âExplanation 7.âWhere in the case of an assessee who has entered into an international transaction or specified domestic transaction defined in section 92B, any amount is added or disallowed in computing the total income under sub-section (4) of section 92C, then, the amount so added or disallowed shall, for the purposes of clause (c) of this subsection, be deemed to represent the income in respect of which particulars have been concealed or inaccurate particulars have been furnished, unless the assessee proves to the satisfaction of the Assessing Officer or the Commissioner (Appeals) or the Principal Commissioner or Commissioner that the price charged or paid in such transaction was computed in accordance with the provisions contained in section 92C and in the manner prescribed under that section, in good faith and with due diligence.â
Thus, addition or disallowance made while computing the income under Section 92C of the Act, is deemed to be concealed income or income of which inaccurate particulars have been furnished. Explanation 7 however states that penalty is not to be imposed where the assessee establishes that the price charged or paid was computed as per provisions of Section 92C and the assessee had acted in good faith and with due diligence. Conduct of the assessee is the distinguishing and relevant factor to be adjudicated in the penalty proceedings. Onus to establish bona fides and exercise of due diligence is on the assessee. Explanation of the assessee on the computation of arms length price may be the same, but appreciation and consideration is from a different point of view, i.e. bona fides and due diligence.
17. Respondent-assessee had applied CUP method to compute the arms length price of the international transactions with the associated enterprises. Revenue has not disputed that the CUP method was the preferred or appropriate method to be applied. Revenue no doubt states that there was lack of reliable data for application of the CUP method, but the method adopted and applied by the respondent-assessee was not rejected.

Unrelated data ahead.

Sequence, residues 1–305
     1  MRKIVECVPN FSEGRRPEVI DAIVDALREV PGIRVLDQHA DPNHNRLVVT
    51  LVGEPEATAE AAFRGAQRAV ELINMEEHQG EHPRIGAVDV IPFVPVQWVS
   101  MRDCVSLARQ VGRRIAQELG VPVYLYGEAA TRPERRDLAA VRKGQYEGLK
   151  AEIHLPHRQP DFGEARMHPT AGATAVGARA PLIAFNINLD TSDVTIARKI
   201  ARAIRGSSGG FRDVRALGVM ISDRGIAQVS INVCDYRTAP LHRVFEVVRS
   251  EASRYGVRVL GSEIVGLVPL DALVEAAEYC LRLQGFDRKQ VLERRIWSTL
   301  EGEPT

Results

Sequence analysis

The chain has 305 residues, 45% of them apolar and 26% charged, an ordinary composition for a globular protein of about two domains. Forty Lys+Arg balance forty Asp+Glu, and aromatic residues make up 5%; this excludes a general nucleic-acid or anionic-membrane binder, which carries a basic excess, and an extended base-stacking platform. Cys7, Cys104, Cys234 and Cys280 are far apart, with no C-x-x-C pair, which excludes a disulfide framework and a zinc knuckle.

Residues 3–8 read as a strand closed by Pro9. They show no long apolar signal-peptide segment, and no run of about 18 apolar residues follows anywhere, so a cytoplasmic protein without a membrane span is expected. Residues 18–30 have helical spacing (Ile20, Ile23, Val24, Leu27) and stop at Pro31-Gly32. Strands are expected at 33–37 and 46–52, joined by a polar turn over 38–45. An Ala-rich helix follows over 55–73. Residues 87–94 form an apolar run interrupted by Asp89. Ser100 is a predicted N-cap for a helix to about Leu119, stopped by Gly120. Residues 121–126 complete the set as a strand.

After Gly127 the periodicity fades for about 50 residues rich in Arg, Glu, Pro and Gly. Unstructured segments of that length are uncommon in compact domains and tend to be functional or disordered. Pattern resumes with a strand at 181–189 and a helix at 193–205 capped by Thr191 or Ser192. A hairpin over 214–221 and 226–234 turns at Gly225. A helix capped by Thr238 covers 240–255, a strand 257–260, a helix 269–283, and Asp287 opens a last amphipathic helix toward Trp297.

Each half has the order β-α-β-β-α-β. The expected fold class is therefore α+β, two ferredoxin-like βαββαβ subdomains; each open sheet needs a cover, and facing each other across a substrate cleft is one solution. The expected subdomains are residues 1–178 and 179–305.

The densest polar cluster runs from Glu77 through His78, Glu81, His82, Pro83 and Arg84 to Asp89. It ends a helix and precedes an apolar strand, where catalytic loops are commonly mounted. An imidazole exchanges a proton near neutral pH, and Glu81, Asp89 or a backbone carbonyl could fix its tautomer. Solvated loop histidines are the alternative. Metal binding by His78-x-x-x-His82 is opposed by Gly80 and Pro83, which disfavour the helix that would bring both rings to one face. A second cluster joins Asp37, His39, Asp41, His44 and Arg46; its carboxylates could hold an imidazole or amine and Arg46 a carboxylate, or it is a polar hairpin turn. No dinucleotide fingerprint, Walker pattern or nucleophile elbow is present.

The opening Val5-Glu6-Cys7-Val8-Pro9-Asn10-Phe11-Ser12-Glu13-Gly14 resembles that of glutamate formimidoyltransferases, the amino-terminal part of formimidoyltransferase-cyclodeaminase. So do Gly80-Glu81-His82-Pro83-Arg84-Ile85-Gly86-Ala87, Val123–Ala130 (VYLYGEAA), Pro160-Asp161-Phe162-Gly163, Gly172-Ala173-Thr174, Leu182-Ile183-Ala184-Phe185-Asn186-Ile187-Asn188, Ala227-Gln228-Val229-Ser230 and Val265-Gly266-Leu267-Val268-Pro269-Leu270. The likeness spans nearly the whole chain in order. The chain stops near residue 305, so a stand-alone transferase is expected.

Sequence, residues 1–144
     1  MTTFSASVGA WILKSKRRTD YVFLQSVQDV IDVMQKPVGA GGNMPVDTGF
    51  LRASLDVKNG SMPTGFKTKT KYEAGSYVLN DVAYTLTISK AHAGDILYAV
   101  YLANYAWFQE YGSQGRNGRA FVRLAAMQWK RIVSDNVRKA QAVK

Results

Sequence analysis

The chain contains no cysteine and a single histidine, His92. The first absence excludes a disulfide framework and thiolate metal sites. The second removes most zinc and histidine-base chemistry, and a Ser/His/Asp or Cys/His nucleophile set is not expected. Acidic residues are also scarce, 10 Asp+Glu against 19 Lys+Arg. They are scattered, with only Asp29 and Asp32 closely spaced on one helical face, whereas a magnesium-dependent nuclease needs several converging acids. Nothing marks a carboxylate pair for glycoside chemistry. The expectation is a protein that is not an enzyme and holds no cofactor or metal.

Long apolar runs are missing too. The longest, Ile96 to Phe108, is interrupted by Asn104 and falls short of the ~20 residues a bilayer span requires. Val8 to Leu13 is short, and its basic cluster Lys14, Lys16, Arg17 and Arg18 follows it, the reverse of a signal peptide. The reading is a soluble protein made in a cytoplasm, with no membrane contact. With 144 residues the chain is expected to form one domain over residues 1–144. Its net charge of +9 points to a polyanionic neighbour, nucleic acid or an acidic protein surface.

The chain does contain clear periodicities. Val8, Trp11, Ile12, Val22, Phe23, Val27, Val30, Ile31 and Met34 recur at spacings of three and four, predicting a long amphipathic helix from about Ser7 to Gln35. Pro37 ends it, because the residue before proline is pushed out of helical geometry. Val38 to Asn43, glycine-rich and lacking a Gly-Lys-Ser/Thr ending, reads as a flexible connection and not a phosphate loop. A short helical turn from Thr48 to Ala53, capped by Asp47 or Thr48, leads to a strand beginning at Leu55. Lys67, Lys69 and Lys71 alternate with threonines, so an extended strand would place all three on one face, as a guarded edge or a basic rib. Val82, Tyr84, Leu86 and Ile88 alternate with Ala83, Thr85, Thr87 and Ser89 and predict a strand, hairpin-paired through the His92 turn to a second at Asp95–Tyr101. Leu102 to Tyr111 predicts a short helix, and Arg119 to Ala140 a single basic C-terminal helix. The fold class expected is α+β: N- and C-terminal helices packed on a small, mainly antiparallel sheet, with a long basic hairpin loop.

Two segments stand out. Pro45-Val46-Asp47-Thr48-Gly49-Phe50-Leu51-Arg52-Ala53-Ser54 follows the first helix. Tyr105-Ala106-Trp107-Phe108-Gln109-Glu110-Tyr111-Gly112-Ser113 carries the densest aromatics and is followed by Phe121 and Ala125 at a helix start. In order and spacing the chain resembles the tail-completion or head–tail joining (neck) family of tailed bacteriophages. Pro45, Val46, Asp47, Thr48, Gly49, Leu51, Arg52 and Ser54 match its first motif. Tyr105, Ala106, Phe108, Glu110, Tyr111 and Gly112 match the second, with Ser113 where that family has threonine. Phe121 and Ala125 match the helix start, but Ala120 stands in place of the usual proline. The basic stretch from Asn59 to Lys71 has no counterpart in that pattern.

18. As noticed above, the respondent-assessee had justified and explained why the independent transaction was disregarded as an internal comparable, for two reasons. Firstly, the transaction was of low value in comparison with transactions with associated entities. Secondly, it was a single transaction, whereas transactions with associated enterprises were continuous and based upon long-term business relationship. This factual position and distinction is undisputed. In view of the factual matrix, the explanation of the respondent/assessee was accepted as bona fide and that the assessee had exercised due diligence in selection of the method and comparables. It is
in this context, we find that the Tribunal has taken a reasonable and considered view of the matter. The said findings on the question of explanation, bona fides and due diligence is a finding of fact.
19. There was divergence of view whether the internal isolated/sole unrelated third party transaction should be taken as a comparable. In the quantum proceedings the stand of the respondent-assessee that the internal transaction should be excluded has been rejected. This has resulted in transfer pricing addition. However, as recorded above, the issue and question before the Tribunal in penalty proceeding was different; whether the respondent-assessee while excluding the internal transaction had acted in good faith and with due diligence. The Tribunal has duly applied its mind to the relevant aspect of good faith and due diligence. The Tribunal has held that the respondent-assessee had been able to discharge the onus placed upon them in terms of Explanation 7 to Section 271(1)(c) of the Act and show that their stand and stance in not taking into consideration the internal transaction was in good faith and they had acted with due diligence. These findings of the Tribunal in the present case are factual and clearly plausible and reasonable
20. Recording the aforesaid, we do not find any reason to interfere in the impugned order. The appeal is accordingly dismissed. No costs.
[Citation : 409 ITR 116]